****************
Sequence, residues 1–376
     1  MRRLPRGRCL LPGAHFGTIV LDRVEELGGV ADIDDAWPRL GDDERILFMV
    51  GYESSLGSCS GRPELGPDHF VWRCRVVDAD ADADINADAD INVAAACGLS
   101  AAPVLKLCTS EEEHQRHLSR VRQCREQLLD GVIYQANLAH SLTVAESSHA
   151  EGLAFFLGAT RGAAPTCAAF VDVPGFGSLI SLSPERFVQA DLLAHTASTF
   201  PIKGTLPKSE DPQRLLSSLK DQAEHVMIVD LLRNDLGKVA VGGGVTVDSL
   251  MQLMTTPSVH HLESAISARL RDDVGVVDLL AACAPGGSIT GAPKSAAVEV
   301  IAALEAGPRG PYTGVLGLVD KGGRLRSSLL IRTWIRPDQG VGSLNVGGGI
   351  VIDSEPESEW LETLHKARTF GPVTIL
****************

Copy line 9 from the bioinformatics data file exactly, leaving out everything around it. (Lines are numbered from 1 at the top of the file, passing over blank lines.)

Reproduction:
   351  VIDSEPESEW LETLHKARTF GPVTIL